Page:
Crafting a Pragmatic Vision

Most companies have vision statements that are one or two sentences that are pie-in-the-sky and so generic and theoretical that no one, not even the people who wrote it, can visualize what it describes. Most management writers, including Drucker, Hamel, Collins, and others point out that effective vision statements are vivid and specific.

An effective vision statement will provide a vivid description of the business in the future. It will use vibrant and exciting images to convey what it will be like highlighting the organization’s purpose and its impact on the market, customers and employees.

If you’ve developed a clear vision, you’ll have ready answers to such questions as:

  • Where are we headed?
  • What are we working to achieve?
  • Why is that important to us?
  • How does that make sense in our competitive situation?
  • How does it build upon our core strengths?
  • What will be different in our industry when we achieve the vision?
  • How will our organization be different?
  • How will our customers react?
  • What’s in it for employees?

As a young consultant in Chicago with a large global consulting firm, I had the opportunity to meet in a small group of new consultants with the chairman of the firm in the Philadelphia headquarters. I’ll never forget how he described why the firm existed, how it added value to client businesses, and his vision of the firm’s growth and position in the future. It was motivating and stimulating. It connected me to the firm in a way I hadn’t been connected before. It enabled me to ‘see’ the firm in the future and made me feel proud to be a part of it -- a feeling I couldn’t get from day-to-day consulting work.

What if the future is unclear? There are businesses and industries where there is so much change and competition is fierce, and it’s very difficult to cast a vision – even three years out. In those cases, the important strategic focus needs to be on identifying opportunities and being able to move on them quickly. That then becomes the mission – an organization with superior capabilities to monitor the environment, assess opportunities, and building a responsive, capable organization.

How to create an effective vision Envisioning the organization’s future and capturing it in a compelling vision statement requires both strategic and disciplined thinking.

Here are seven tips for crafting a good vision statement:

  1. This is a leader-led process. Crafting a vision is a key part of strategy formulation, not an administrative exercise or a result of consensus. The leader will need to lead the thinking and make key decisions, but use group input for refinement. Often a consultant can help by facilitating the session(s) so the leader can fully participate without having to keep momentum and ensure participation by everyone.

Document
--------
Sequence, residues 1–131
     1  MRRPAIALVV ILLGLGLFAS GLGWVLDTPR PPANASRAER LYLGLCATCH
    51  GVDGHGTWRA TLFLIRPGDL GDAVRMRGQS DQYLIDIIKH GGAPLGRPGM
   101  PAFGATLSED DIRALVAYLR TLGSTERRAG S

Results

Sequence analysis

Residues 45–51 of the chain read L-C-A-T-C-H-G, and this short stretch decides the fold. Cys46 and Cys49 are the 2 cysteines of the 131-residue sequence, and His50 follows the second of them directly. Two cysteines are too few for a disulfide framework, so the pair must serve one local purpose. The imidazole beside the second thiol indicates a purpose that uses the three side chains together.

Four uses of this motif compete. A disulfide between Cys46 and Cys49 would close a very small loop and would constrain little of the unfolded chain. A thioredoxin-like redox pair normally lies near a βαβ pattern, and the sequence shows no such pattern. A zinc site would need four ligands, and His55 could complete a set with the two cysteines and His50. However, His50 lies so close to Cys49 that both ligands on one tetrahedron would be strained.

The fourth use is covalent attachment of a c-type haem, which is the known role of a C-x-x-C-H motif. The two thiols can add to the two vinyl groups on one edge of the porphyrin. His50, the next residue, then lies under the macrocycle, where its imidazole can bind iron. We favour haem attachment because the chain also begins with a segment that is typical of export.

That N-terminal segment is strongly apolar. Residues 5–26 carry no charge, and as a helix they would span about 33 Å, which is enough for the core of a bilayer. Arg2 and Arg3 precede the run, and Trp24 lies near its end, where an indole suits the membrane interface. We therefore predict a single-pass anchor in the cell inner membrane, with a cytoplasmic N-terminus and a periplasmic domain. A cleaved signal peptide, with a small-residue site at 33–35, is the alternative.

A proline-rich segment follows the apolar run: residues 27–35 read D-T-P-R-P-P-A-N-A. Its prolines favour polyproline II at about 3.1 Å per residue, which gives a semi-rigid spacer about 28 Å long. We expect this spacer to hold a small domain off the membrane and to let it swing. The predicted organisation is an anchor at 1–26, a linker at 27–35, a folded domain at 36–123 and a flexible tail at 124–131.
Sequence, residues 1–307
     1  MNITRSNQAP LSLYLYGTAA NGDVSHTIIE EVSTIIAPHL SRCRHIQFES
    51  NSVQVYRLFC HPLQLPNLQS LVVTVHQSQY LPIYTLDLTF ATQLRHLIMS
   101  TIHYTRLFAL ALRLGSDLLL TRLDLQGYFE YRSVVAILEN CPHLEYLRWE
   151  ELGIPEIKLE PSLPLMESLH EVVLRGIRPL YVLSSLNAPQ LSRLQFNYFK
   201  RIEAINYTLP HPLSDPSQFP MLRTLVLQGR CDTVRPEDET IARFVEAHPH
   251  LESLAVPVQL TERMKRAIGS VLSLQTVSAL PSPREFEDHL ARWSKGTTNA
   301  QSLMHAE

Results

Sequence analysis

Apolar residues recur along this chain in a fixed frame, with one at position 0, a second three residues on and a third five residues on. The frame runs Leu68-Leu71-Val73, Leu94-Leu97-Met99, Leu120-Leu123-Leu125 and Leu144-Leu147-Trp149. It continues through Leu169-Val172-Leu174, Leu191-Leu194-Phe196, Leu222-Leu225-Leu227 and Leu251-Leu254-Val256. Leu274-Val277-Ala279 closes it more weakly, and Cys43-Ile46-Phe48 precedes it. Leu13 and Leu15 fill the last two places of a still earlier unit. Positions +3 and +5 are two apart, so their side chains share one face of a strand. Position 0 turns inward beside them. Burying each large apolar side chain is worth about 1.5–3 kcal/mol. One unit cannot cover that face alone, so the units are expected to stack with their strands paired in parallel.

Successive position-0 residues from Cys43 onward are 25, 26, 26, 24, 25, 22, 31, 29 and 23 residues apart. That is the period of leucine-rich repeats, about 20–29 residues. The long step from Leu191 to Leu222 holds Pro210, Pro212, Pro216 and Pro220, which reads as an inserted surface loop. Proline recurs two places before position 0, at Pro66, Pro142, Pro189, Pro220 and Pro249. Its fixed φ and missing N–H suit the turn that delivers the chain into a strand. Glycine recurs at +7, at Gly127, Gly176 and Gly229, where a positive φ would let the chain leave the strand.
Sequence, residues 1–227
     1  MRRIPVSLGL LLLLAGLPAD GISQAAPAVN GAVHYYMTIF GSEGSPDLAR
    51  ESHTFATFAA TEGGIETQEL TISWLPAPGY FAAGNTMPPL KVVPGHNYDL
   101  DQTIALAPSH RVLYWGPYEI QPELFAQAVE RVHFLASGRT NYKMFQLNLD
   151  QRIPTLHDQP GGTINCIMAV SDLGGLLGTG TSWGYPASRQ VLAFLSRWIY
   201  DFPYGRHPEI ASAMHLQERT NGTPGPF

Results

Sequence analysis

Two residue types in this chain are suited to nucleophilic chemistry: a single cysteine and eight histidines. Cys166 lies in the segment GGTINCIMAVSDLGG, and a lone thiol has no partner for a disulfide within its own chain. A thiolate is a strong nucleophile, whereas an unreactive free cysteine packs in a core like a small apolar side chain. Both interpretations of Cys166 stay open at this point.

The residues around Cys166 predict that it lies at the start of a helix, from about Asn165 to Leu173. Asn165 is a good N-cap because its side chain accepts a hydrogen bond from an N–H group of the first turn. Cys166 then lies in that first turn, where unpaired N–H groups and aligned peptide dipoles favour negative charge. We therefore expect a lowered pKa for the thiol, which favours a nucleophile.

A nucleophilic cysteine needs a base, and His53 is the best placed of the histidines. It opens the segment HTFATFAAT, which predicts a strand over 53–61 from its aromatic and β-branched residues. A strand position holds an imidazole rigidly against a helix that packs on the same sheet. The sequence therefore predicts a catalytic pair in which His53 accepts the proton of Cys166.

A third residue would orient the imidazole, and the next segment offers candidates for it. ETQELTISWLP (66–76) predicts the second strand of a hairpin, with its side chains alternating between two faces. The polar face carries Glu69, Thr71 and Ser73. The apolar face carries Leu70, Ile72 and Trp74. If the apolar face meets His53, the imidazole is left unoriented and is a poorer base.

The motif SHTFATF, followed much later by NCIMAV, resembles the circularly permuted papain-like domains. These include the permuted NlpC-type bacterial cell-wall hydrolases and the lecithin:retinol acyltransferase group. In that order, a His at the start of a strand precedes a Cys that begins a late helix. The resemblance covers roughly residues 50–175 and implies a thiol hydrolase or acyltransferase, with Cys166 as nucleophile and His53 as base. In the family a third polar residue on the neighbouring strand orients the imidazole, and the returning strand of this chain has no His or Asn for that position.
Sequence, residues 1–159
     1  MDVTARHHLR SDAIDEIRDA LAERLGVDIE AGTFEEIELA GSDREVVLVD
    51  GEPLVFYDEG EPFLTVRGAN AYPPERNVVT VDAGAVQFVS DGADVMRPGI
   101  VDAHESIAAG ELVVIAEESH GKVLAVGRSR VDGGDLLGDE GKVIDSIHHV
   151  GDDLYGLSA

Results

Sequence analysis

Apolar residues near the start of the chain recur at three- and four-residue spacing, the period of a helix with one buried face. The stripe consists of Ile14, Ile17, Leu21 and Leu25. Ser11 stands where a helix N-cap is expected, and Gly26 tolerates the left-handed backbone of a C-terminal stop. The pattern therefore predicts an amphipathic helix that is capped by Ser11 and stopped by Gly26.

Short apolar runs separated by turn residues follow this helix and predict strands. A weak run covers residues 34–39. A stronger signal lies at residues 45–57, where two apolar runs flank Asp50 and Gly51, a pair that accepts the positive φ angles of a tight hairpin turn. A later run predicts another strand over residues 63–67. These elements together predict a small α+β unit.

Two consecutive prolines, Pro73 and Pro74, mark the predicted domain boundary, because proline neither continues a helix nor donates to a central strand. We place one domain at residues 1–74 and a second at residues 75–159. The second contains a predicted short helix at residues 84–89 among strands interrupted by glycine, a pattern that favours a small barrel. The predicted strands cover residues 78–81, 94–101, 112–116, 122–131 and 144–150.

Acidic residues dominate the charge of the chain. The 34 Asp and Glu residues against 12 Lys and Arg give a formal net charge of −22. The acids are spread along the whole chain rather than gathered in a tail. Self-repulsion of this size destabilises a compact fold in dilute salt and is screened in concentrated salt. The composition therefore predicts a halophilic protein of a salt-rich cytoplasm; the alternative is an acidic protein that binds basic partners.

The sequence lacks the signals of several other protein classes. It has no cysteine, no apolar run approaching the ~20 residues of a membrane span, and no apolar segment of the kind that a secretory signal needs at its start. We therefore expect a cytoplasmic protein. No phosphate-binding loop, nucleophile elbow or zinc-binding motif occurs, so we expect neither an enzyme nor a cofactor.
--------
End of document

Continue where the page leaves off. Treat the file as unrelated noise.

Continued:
2. A vision is a mental picture. Make it be specific, not generic or vague. Paint as clear a picture as you can of the vision so that the organization truly “sees” it and is excited by it.
  3. Strategic thinking is required. The primary focus should be in the future and external to the organization – what will be the organization’s impact on its markets and customers? How will it be different and unique? This is not an extrapolation of the current situation, but rather new thinking about the future. It may be difficult for some people to make the shift from internal/today thinking to external/future thinking. And it may also be difficult for participants who have been in the industry for a long time to open-up to new possibilities, but that is what a vision is all about. Some exercises can be very helpful to get the group to shift their thinking. A scenario approach can be valuable. Unless the leader already has a clear vision, it may be difficult knowing where to start. A guided process of identifying and evaluating alternative scenarios is most effective. This is not an exercise in word-smithing. When groups try to put a vision into one sentence, they’ll get hung-up on choosing words, and the result is usually too generic to be meaningful to others. If you find that you’re agonizing over which words to use, then you’re working too hard. The words should flow. If they don’t, you may be missing the point altogether. Use as many words as it takes to capture the vision. You can identify the themes and edit it later for best communication. Does it pass the “So what?” test? Is your vision meaningful and vivid? Does it describe a future that is meaningful? It doesn’t have to be about dominating an industry, but it does have to be significant and challenging and desirable to your organization. Does it pass the “exciting and energizing” test. Put yourself in the place of front-line employees. Do you understand it, or is it filled with business jargon? Does it excite you? Does it describe a purpose and a future you can identify with, one that you want to tell your spouse and neighbors about?